Light source housing 26 has mounted therein (FIG. 2) at least one fluorescent lamp 46 arranged to radiate light through window 34 in the direction of window 32. 61 photoelectric cells (or photocells), generally designated 48 (of which four photocells 50, 52, 54 and 56 are designated in the circuitry of FIG. 3), are mounted in a vertical configuration and spaced onehalf inch apart at the end of tubes 57 behind window 32 and are each arranged to be energized by light radiating from lamp 46 which impinges on photocells 48, in the absence of a log between lamp 46 and the particular photocell 48. Tubes 57 are arranged to prevent changes in ambient light from energizing the photocells 48.

Photocells 48 are shown spaced one-half inch from each other, although the spacing between the photocells may be varied according to the requirements of the particular installation.

With one exception, each photocell 48 is connected with a plug-in module only to define a Schmitt trigger circuit (to be discussed in greater detail below) between a 12 volt d.c. source which is applied across each photocell and its corresponding module.

The bottom photocell in scanner housing 24 is monitor cell 50. Photocells 52, S4 and 56 are located, respectively, 2SV2 inches, 26 inches and 26% inches above monitor cell 50.

As is shown in FIG. 3 photocell 52 is connected to module 58. Similarly, photocell 54 is connected to module 60 and photocell 56 is connected to module 62. Monitor cell 50 is connected in series with a normally open limit switch 64, which is mechanically actuated and arranged to be closed when yoke approaches the bottom limit of its vertical descent, and is connected to module circuit 66 between the 12 volt d.c. source and ground.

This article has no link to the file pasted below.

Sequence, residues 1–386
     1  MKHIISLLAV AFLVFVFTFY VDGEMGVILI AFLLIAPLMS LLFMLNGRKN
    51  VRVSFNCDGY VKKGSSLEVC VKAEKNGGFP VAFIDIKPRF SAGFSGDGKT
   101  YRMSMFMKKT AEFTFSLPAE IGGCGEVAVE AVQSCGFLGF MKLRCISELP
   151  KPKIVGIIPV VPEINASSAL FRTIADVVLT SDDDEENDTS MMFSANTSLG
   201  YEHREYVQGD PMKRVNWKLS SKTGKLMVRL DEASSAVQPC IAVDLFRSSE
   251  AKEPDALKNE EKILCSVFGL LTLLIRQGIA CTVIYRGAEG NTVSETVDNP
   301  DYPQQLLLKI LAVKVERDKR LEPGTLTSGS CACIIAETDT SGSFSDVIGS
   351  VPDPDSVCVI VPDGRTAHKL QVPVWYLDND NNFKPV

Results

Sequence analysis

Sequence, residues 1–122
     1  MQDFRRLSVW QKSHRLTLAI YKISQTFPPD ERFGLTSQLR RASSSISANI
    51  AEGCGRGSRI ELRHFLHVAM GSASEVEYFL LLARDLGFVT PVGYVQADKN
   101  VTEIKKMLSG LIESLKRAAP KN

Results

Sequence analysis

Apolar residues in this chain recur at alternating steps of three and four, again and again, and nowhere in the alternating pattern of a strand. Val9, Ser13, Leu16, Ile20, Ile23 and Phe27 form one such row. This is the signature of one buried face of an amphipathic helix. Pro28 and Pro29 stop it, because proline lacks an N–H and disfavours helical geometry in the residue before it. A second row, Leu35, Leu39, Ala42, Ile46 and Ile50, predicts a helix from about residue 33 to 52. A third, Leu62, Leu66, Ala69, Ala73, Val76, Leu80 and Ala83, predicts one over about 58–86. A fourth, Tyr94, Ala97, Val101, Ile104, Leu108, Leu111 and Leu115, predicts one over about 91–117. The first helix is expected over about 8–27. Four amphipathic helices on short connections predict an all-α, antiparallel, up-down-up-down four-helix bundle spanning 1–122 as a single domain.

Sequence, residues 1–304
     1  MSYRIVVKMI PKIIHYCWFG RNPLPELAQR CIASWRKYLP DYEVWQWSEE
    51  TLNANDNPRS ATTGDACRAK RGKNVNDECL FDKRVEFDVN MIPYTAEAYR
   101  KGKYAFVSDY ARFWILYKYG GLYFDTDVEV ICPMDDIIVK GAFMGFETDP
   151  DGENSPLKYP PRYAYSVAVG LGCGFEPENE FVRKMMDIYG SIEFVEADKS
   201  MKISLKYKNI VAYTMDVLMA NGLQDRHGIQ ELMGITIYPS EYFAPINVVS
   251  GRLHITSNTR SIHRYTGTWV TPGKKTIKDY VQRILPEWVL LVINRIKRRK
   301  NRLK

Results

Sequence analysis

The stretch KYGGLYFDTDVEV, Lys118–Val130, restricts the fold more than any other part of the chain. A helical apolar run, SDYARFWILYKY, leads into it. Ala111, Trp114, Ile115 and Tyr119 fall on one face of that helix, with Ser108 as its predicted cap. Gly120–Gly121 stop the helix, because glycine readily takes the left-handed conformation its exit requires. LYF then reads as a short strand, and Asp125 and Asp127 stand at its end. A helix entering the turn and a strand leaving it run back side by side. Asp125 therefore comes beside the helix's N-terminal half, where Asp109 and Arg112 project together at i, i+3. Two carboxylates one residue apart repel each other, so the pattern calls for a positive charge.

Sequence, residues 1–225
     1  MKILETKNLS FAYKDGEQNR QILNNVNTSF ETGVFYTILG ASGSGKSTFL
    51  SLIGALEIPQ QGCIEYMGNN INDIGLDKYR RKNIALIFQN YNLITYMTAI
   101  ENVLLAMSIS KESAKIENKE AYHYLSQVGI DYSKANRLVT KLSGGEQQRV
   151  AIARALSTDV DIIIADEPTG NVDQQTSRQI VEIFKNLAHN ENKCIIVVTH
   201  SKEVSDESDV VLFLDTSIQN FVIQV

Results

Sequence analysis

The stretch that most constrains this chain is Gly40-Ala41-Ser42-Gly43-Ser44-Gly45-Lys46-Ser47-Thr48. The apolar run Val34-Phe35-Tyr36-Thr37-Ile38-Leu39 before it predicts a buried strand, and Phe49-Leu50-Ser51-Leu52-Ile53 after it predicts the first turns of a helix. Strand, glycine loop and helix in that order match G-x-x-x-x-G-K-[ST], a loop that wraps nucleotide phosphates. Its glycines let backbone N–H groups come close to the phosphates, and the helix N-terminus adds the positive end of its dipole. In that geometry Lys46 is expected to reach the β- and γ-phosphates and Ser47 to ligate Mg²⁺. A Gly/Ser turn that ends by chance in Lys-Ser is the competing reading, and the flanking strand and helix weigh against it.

For purposes of illustration, the module corresponding to the photocell 48 at a height of inches above monitor cell 50 is designated module 68 and the module corresponding to the photocell 48 at a height of 27 inches above monitor cell 50 is designated module 70.

A typical photocell-module circuit is shown in FIG. 4. NPN transistors 72 and 74 have their emitters connected to ground through 22 ohm common-emitter resistor 76. Base 78 of transistor 72 is connected to ground through l ,000 ohm resistor 80 and photocell 82 and defines the input to a Schmitt trigger circuit. Base 84 of transistor 74 is connected to the 12 volt d.c. source through 6,800 ohm resistor 86 and diode 88. The 12 volt d.c. source is also connected to collector 90 of transistor 72 through resistor 86. Collector 92 of operates a hydraulic motor which moves yoke 20. DOWN solenoid 106 is energized from bus 102 by manual operation of START CYCLE switch 110. Operation of UP solenoid 108 is controlled by switch 110, reversing relay 112, which includes a silicon controlled rectifier (SCR), and normally open contact pair 100-2. The SCR is arranged to prevent current from flowing in solenoid 108 when the SCR is switched off. When switch 110 is pushed to energize solenoid 106, the SCR in reversing relay 112 is turned off and remains off, even after switch 110 is returned to its original position, until contact pair 100-2 closes to switch the SCR on, permitting current to energize solenoid 108. Switch 110 when pushed to energize solenoid 106, is further arranged to release, through reversing 1 relay 112 and over line 113, timing circuit 100 and to transistor 74 is the output of the trigger circuit and is connected to the 12 volt d.c. source through a relay coil 94, connected in parallel with blocking diode 9 6. Potentiometer 98 connected between the l2 volt source and ground to the junction between resistor 80 and photocell 82 and is arranged to provide adjustment of the base voltage of transistor 72 and therefore of the change in input voltage required to turn transistor 72 off and on. 1